From the page to the stage
Rent. Spring Awakening. Urinetown. These known Broadway blockbusters have become an integral part of American culture. Yet, they were not overnight sensations. Before arriving on the Broadway scene in New York, these shows had a long history of rewrites, workshops, festivals, and out-of-town tryouts before becoming the hits that theater lovers are now so familiar with. Urinetown, for instance, began off-off Broadway in the NYC Fringe Festival, before making the big move to the Great White Way. From the page to the stage is often a long, involved process.
Actors who participate in early workshops have vastly different experiences than actors who join an already running commercial production. Once a show has been on Broadway for a period of time, replacement actors have very specific tasks—they must hit their marks and utter their lines in the exact same manner in which the lines have been said by previous actors in the roles. The actors perform tracks that fit into the show like a cog in a clock. There is little to no room for experimentation or creativity.
Contrarily, in the workshop phase of a musical, cast members get to participate in a process of collaboration, trial and error, creativity, and constant change. I am fortunate to have the inside scoop as to what goes on in this first phase, as I am currently rehearsing for the world premiere of Showgirls, The Musical! a parody of the ’90s cult classic film. I play the iconic role of Cristal Connors, (originated by Gina Gershon), the territorial and predatory star of Las Vegas.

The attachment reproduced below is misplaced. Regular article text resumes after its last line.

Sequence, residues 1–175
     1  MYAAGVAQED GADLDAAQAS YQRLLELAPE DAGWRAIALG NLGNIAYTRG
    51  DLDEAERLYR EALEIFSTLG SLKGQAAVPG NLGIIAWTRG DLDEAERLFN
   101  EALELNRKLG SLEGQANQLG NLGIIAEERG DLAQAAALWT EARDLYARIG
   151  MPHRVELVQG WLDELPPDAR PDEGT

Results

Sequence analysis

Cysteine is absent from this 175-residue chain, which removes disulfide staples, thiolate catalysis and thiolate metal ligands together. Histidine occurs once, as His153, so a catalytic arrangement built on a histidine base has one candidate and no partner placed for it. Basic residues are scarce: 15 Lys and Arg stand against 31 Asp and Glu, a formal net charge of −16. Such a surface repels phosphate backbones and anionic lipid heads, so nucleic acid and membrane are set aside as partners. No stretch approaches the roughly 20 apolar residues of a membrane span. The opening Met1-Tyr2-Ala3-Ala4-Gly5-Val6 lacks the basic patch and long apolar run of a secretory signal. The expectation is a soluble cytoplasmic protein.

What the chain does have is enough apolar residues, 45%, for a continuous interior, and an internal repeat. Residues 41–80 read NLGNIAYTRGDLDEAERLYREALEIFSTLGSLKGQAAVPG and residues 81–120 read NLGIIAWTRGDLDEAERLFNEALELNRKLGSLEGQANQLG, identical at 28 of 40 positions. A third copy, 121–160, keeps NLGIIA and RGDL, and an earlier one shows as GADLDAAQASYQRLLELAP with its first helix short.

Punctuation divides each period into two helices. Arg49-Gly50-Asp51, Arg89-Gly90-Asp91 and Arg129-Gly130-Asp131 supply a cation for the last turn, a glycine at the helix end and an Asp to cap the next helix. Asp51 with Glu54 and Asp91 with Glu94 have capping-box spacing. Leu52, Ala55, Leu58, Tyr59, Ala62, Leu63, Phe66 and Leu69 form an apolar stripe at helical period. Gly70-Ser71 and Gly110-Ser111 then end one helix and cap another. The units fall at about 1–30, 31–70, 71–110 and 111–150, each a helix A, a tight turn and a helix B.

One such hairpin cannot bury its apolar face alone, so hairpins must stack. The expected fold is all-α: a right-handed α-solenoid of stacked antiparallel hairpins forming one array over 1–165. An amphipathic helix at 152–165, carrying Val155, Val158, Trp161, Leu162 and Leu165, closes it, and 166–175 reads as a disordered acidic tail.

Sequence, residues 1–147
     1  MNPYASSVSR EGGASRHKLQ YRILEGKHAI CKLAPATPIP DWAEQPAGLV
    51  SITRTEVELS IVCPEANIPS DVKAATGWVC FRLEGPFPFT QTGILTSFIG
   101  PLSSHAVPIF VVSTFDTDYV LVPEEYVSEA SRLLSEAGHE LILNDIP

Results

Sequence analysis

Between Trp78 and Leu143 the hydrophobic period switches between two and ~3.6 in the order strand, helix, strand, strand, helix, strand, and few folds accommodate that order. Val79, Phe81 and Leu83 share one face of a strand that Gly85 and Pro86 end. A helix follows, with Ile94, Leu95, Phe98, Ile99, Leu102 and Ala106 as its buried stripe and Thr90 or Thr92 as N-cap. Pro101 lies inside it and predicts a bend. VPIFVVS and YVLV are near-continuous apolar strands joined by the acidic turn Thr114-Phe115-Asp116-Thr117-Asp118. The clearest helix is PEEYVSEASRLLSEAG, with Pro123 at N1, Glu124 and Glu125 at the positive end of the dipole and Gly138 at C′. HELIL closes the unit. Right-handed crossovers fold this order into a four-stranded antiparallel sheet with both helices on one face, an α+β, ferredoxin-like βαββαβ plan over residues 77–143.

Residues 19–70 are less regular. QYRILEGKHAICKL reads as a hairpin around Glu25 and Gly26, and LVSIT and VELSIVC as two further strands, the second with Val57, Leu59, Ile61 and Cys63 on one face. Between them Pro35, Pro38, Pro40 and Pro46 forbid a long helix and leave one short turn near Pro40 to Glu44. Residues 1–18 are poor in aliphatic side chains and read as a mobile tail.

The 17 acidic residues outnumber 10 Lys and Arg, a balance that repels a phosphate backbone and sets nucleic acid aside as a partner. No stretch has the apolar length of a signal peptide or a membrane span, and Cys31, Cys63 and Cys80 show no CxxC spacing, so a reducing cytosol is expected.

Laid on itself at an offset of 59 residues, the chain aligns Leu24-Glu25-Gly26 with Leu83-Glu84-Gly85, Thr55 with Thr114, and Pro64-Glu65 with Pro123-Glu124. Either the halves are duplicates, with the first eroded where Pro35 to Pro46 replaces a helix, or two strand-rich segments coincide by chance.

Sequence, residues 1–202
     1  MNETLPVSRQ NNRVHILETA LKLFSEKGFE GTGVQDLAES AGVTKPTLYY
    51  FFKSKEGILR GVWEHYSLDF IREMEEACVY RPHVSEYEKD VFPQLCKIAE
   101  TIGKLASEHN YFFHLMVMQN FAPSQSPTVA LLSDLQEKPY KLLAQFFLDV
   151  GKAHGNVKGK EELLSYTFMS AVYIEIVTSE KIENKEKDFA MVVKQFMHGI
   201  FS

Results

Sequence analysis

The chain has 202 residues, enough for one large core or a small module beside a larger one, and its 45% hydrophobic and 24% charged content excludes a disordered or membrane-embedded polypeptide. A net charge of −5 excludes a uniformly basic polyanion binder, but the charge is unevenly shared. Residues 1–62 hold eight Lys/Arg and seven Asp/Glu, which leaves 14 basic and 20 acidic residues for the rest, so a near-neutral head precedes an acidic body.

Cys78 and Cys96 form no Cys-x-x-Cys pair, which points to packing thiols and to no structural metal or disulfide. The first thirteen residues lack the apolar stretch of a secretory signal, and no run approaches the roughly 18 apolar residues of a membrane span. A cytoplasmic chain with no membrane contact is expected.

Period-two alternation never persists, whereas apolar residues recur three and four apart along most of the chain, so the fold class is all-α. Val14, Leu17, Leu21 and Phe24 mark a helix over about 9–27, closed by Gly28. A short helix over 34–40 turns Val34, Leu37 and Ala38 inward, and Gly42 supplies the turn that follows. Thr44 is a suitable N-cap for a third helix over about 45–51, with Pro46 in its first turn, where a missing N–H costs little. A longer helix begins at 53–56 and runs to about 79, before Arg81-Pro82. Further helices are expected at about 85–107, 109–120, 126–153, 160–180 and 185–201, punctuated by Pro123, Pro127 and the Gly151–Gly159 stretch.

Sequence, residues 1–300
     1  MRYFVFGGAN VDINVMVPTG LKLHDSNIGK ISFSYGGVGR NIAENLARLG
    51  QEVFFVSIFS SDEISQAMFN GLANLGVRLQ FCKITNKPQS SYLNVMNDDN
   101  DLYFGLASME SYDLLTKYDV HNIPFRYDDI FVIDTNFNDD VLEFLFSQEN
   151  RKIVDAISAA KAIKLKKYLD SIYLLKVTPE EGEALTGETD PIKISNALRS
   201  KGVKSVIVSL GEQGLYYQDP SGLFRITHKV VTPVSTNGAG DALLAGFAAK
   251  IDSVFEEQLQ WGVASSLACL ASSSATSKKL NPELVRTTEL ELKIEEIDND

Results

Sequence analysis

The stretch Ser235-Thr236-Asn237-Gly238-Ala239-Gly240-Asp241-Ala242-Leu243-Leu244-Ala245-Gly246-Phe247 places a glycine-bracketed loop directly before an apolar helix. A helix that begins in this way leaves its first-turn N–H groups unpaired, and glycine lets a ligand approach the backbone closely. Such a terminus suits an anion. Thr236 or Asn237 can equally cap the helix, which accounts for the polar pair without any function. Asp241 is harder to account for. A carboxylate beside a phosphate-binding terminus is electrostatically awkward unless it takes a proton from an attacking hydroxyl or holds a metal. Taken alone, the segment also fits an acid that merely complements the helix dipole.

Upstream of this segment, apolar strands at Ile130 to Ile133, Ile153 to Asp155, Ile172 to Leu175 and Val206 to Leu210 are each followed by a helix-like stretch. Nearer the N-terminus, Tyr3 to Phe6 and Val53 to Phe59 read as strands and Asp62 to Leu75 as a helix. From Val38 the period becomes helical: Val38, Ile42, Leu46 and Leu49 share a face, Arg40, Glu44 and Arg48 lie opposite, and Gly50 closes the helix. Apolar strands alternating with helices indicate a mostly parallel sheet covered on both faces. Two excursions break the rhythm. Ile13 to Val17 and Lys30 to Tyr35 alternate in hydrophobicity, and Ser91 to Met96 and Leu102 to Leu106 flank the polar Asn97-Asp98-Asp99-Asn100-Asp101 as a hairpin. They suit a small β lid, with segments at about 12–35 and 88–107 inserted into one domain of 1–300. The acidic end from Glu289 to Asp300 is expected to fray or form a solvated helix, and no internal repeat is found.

In our small studio rehearsal space in Midtown Manhattan, we are often given complete freedom to stage our solo songs, to be completely uninhibited, and to “just play.” A cast member’s ad-libbed line or passing joke may strike a chord with the writers and make its way into the script as a permanent fixture. Entire songs can be scrapped or added at a moment’s notice.
Recently, a famous scene of dialogue involving Cristal’s love of eating doggie chow was turned into a full blown musical number. It is our job to learn quickly, incorporate the changes, and breathe life into each word on the page, so the writers can determine what works and what doesn’t. We are creating the blueprints which other successive casts will eventually follow.
Thus far, our team effort has resulted in a satirical interpretation that features signature moments from the film as well as some personal touches. Rest assured that Cristal’s incessant lip licking, Nomi’s dramatic temper tantrums, topless Vegas dance numbers, and a very memorable water scene are all included. However, there are also surprises such as singing slot machines, talking hamburgers, dancing boats, and a show stopping number in which the infamous “Thrust it!” character reveals his secret ambitions.
Showgirls! will soon begin previews in an intimate 100-seat venue in the East Village. It is possible that this run could be the beginning and the end of this show’s life. Yet, whether or not this musical becomes Broadway’s next “smash,” I am so grateful to have gotten to work on the project from the ground up and to have had a hand in its creation.
Tickets have already been purchased by casting agents, reviewers, and celebrities alike. Our choreographer, Jason Wise, constantly reminds us, “This is New York City. You never know who is in the audience. Anything can happen.”
Indeed, the sky’s the limit when the curtain rises in just a few days, and as they say in Vegas, “You gotta gamble if you’re gonna win.”